What Is Social Thinking, and Why Is It Hard for People with Autism?

Social thinking requires awareness of and interpretation of subtle cues.

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Happy women chat. Getty Images

Social thinking is a single term used to describe the many elements that go into navigating social situations. It includes awareness of and correct interpretation of non-verbal cues, tone of voice, context, and social politics. It also involves the ability to respond appropriately based on all the social cues available. For people with autism (especially high functioning autism), social thinking skills are hard to acquire and use.

What Is Social Thinking for "Neurotypical" People?

You stop for coffee on the way to work and notice that the barista is looking particularly tired. You ask "Are you ok?" and he smiles as he explains that his new baby kept him up all night.

At work, you pick up on the fact that several co-workers are gathered in a little knot speaking quietly.  As you walk by, the group looks up and stops talking.  You wait a moment to get a handle on the mood of the group, and feel relief when the knot opens up, the group members smile, and the office administrator beckons you in.  "We're planning a baby shower for Kim," she says. "Come join us!"  You smile back and spend a few minutes helping to plan the event.

You make a point of stopping by your boss's office to say good morning, because you know she appreciates the personal connection.  You chat for a few minutes before you head to your desk.

At each step along your path to work, you've used social skills and social thinking to observe, make sense of, and respond to situations involving other human beings -- thus setting a positive course for the day.

Social Thinking Challenges with Autism

But what if you saw but didn't make social sense of the people around you?  For example, what if you saw the barista looking frazzled, but instead of seeing a tired dad you saw someone actively attempting to avoid looking at you?  What if you saw the knot of people, but walked by them because they had nothing to do with your progress toward your desk?  What if you never took the extra social step of stopping by your boss's office because you had no clue that she appreciated a personal hello?

Your mood, your sense of community, and your collegial relations with your boss would all suffer.

As you step through your day, if you have typical social thinking skills, you engage without even noticing it in two key activities: "mind reading" and perspective taking. 

Mind reading, in this context, means picking up on physical and vocal clues that tell you how another person is feeling or, in some cases, what he is thinking.  For example, you knew the moment you saw the barista that something was wrong, that that something didn't relate to you, and that a carefully worded question about his body language might be appropriate.  Tomorrow, if you see that he's even more tired, you'll be able to "read his mind," and know that his baby is having a tough time sleeping.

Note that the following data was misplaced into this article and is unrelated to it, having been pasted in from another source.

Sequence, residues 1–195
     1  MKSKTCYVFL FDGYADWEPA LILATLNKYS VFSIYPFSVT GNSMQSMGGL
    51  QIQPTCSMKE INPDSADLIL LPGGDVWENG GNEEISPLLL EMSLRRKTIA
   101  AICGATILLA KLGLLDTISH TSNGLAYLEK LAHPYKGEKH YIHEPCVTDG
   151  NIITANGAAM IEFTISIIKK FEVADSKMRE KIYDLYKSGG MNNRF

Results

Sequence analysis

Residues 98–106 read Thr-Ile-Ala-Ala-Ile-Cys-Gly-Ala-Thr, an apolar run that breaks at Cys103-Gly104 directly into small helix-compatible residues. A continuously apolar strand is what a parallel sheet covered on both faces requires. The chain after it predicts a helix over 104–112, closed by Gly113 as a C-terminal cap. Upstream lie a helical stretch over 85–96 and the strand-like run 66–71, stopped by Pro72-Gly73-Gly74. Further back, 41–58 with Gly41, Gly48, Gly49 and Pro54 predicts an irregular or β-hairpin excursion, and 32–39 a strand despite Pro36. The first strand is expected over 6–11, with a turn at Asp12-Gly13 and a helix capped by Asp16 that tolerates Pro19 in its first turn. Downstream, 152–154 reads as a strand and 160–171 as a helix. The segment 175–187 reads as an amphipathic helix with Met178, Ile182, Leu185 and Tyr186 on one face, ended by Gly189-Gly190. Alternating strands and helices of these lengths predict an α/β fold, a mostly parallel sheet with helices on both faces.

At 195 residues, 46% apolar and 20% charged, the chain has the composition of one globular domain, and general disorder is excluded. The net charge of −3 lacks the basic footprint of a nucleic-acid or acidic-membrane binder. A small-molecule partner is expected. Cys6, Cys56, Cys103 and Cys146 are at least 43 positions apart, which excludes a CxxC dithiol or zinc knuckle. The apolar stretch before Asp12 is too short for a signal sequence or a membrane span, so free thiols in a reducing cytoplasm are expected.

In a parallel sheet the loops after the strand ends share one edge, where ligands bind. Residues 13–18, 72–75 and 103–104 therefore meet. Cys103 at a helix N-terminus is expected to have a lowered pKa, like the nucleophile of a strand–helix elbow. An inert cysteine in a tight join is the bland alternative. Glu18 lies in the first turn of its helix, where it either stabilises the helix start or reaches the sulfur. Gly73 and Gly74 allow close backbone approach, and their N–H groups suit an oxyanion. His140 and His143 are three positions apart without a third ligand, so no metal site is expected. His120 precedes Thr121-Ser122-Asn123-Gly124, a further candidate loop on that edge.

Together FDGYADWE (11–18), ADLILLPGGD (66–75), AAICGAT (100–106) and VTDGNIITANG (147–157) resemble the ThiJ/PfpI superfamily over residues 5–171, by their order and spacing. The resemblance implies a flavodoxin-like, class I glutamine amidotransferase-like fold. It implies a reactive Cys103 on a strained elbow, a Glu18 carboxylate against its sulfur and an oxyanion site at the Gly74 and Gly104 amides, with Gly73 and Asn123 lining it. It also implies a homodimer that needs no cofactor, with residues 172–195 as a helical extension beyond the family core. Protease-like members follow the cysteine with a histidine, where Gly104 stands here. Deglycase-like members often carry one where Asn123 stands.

Perspective taking involves seeing the world from another's point of view.  You know that your boss, for example, is a naturally social person who is separated from her peers as a result of her position and the location of her office.  Imagining yourself in her position, you are aware that she feels isolated and appreciates a casual moment of social interaction.  So you provide it.

People with autism see what you see and hear what you hear, but without specific training, they may not associate their observations with others' feelings or needs.  If the other person is speaking directly to them, or if others' actions don't directly affect them, people with autism are more likely to simply ignore them.  Alternatively, in some cases (particularly with people on the very high end of the autism spectrum) they may misinterpret vocal tone or body language.

As a result, people with autism may be completely unaware of others' feelings or actions, or they may misinterpret others' feelings and intentions.  Naturally, this leads to a variety of unwelcome outcomes, ranging from marginalization (they aren't invited to Kim's shower because they didn't take part in planning it) to bullying to serious misunderstandings relative to sexual cues and other issues.

Helping Autistic People Build Social Thinking Skills

While social thinking itself has been around forever, the concept that social thinking is a skill that can and should be taught is relatively new.  Michele Garcia Winner coined the phrase "social thinking," and created curricula to teach the skills through direct instruction and practice.  Winner's curricula are intended for children with autism who are starting almost from scratch with their social thinking skills. 

Social thinking is challenging, however, for most of us.  And while Winner's social thinking curriculum is by far the most direct and intentional approach to building mind reading and perspective taking skills, she is in good company.  Dale Carnegie, Anne Landers, and many others have helped to lead individuals with social thinking difficulties down the path of positive social engagement.

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